Fortunately, I do not think this argument is an either/or situation. Science and faith can, and maybe should, coexist. I think it is important at times to put aside our rationale, our reasoning, and our logic, and acknowledge an occurrence that has all the characteristics of a miracle.
A miracle, as defined by Webster’s Ninth New Collegiate Dictionary is “an extraordinary event manifesting divine intervention in human affairs.” Or, if you prefer its second definition, “an extremely outstanding or unusual event, thing, or accomplishment.” (Webster’s is nothing if not all-inclusive.)
Before the sun set on January 15, newscasters around the country were describing the crash landing of US Airways Flight 1549 as a miracle. And indeed, whichever definition you choose, the successful “ditching” of the US Airways flight into the Hudson River, and the subsequent water rescue, was an extraordinary and outstanding event.
US Airways Flight 1549 Crash Lands in Hudson River
After encountering a flock of birds just moments after takeoff, the Airbus A320 lost thrust in both engines, forcing the crew to prepare for an emergency landing. Captain Chesley “Sully” Sullenberger, a leading expert in aviation safety, realized that he would be unable to pilot the plane to any of the region’s airports, and chose instead to put the plane down in the icy waters off midtown Manhattan.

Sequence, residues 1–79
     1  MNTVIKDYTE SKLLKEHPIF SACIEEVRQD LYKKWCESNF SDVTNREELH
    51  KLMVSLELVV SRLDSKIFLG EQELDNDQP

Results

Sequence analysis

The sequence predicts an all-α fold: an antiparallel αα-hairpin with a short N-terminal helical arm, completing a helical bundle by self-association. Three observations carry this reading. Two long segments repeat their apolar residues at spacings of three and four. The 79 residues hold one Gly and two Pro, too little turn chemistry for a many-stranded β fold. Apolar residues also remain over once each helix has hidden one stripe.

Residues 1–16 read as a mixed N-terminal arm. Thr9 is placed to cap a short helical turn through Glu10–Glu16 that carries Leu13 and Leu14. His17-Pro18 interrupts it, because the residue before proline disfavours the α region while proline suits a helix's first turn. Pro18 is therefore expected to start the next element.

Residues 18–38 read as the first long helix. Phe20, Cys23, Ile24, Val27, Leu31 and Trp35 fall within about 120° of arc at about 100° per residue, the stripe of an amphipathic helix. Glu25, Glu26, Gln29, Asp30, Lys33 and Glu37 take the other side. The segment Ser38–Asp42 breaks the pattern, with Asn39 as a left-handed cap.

Sullenberger managed, to land the plane going in excess of 150 miles an hour, in close proximity to several boat terminals. A water landing, no matter what the circumstances, is always a high risk endeavor. An aircraft hitting the water at the wrong angle or speed, can easily break apart. Sullenberger’s decision, based on his training and experience, was made to ensure that rescue for his passengers and crew would be almost immediate. For the 155 aboard the flight, waiting on the wings and the inflatable slides of the aircraft, hypothermia was a very real, and potentially fatal threat. Within 4 minutes of the ditching, a ferry boat was able to reach the downed plane and start loading passengers.
In the weeks since this event, Sully Sullenberger has been hailed a hero, as have the members of his crew, and the first responders who reacted so quickly to an event that would seem impossible for many of us to comprehend. And while the NTSB and the FAA will write up their reports on the facts and figures of what went wrong, I hope that people will not forget all that went right that day. That on January 15, under extraordinary conditions, we witnessed a miracle.